Bruns also has a warm-season grass pasture that consists of big bluestem, little bluestem, Indiangrass and switchgrass, interspersed with clover. The warm-season grasses are grazed only once each year by the beef cowherd, but the forage that is provided during the heat of summer is available when it is most needed.
Surprisingly, the hardest part of the changeover has been establishing the grass. In some fields, it has taken more than five years to get a dense stand of grass, Bruns says.
"It seems so simple, but it isn't. I've learned a lot about seeding rates and now usually double the recommended rates. It also takes a long time to develop a well-rooted sod," he says.
He plans ahead for potential forage shortages and plants annual grazing crops—such as corn, oats, turnips, millet, sudangrass or rye—as needed. A field where he winters his cows will usually be planted to one or more annual crops.
For winter forage needs, Bruns stockpiles his pastures, grazes beef cows on leased cornstalks and feeds some hay. He recently established a new alfalfa field that is available for haying and grazing. "Now that we are certified organic, it's harder to find good organic hay, so I decided to grow my own," he says.
Fill the forage gap. "Kirk has found the power of grazing. He tries to graze as much as possible with as many species as possible. That diversity of forages and grazing methods gives him many options," says Terry Gompert, a University of Nebraska–Lincoln Extension educator who focuses on grazing.
Based in Center, Neb., Gompert has taught many of the grazing workshops and management sessions that Bruns and other producers attend to pick up ideas for their grazing systems. Gompert says one of the best ways to have enough forage is to plant annuals.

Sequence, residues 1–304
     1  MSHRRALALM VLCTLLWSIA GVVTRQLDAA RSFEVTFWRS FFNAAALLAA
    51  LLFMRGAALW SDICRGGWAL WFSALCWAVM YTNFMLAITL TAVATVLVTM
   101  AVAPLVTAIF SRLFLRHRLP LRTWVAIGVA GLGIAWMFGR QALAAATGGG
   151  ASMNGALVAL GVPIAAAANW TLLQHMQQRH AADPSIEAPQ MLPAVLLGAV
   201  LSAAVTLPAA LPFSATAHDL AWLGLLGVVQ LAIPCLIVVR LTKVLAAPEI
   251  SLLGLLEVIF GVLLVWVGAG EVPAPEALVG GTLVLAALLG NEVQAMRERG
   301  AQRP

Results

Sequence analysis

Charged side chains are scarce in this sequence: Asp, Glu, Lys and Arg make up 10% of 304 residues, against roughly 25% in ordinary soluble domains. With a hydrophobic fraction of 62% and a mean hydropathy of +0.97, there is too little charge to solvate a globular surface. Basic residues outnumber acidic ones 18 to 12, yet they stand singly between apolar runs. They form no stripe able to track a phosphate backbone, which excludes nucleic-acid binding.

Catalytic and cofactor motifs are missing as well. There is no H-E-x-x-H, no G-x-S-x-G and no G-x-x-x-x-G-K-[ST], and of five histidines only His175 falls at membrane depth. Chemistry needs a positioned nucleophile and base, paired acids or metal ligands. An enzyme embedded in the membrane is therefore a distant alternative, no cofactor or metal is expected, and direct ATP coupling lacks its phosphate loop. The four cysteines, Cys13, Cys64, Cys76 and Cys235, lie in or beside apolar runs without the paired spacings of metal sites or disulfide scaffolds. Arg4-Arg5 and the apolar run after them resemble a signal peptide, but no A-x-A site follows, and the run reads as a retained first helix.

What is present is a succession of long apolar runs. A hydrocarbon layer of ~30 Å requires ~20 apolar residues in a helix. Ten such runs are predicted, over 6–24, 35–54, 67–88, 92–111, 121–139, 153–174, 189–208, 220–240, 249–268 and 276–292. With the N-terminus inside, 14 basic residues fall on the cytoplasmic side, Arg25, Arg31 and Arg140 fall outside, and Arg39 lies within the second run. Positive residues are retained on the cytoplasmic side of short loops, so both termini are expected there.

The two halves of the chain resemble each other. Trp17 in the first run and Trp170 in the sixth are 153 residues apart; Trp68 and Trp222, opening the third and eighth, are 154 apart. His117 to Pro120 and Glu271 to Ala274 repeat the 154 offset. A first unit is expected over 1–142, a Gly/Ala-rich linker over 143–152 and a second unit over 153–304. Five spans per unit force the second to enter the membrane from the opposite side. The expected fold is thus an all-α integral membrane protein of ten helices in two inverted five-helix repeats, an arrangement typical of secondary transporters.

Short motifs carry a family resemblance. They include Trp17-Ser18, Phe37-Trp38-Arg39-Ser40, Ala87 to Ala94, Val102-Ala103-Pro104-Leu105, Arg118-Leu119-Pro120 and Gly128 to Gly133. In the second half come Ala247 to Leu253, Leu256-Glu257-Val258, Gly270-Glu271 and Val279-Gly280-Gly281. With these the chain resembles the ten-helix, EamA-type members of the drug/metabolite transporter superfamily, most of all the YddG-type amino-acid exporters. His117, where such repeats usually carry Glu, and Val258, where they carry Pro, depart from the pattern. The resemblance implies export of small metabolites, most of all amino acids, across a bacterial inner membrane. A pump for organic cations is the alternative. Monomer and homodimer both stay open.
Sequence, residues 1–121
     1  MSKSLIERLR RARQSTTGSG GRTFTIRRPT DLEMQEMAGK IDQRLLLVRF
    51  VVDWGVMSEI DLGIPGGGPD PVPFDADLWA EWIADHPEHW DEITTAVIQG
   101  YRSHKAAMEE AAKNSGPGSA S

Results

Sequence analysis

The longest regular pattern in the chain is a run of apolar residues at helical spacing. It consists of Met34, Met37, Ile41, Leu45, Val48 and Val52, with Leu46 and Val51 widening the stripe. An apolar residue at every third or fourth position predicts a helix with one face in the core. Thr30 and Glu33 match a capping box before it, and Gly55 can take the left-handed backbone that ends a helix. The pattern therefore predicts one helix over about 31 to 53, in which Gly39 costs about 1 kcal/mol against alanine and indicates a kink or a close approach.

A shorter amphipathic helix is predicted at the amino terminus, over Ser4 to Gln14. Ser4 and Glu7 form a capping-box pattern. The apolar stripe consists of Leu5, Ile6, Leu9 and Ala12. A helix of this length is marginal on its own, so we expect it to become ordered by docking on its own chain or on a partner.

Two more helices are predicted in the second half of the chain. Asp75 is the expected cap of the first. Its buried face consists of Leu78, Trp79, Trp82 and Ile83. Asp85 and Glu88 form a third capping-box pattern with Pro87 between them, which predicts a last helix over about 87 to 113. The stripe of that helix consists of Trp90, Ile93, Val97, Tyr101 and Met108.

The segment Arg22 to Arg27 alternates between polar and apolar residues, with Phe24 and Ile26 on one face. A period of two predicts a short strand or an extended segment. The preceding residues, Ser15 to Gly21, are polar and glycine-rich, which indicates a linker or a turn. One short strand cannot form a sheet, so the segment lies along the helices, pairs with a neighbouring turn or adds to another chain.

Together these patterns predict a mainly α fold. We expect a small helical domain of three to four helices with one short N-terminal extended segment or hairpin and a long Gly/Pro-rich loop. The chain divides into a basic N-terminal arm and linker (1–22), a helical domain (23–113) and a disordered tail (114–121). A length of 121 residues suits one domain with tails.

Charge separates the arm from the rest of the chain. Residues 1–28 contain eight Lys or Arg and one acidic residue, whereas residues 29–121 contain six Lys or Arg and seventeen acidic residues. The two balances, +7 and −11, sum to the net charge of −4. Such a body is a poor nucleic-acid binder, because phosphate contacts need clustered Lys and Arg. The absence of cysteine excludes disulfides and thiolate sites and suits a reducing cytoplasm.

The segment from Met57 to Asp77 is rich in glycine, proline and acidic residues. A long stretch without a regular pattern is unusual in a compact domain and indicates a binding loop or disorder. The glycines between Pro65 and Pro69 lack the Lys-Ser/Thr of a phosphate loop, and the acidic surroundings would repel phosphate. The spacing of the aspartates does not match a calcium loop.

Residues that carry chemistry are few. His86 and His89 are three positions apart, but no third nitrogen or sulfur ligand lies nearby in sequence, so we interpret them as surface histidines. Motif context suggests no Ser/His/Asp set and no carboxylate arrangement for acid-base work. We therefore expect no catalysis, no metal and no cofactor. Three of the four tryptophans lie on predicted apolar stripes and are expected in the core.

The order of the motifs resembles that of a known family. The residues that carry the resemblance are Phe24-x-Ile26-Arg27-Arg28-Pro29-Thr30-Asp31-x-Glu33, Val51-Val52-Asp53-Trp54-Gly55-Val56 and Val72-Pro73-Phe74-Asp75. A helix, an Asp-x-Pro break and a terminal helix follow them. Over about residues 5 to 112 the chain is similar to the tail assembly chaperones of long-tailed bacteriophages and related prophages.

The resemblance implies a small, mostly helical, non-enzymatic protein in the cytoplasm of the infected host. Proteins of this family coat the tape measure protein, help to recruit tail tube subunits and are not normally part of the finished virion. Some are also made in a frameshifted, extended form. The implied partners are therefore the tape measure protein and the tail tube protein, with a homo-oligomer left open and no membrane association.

The first priority is for producers to identify at what point in the grazing season they are short of forage, and then find an annual that will fill the gap.
"Don't plant what you've already got; plant another crop to use during times of short supply," Gompert says.
Another priority is to plant the crop to the forage gap. For example, if forage is short early in the growing season, Gompert suggests that producers plant a cereal rye or Italian rye to fill the gap until their grass pastures are ready. For the "midsummer slump," he suggests they try foxtail millet or sudex. If forage is short in the fall, plant turnips, cereal rye or oats.
A third goal is to match the maturity of the plant and type of forage to the type of animal that you are trying to feed. Depending on whether you're feeding cow–calf pairs, dry cows, yearlings or finishing steers, producers should match the nutritional needs of the animals with the forages.
A fourth way to fill the forage gap is by planting "cocktail mixes." For example, planting a combination of annuals after a wheat crop will provide additional forage and also may reduce the amount of fertilizer required by the crop.
"Research from North Dakota suggests cocktail mixes of annuals such as sugar beets, millet, lentils, sweet clover, milo [grain sorghum], turnips and rape produce microrhiza in the soil and reduce the need for fertilizer," Gompert says.
Bruns is a strong proponent of grass-based beef and dairy systems and is convinced that he's on the right track for even greater production and profitability.
"We have steadily increased production year by year," Bruns explains. "As we've increased animal production, we have also improved land quality by keeping it in permanent cover and allowing it to rest between grazing periods."
"We are grazing more animals per acre now, and the beef enterprise has improved both the good and poorer land. It's been really successful for us," he adds. BT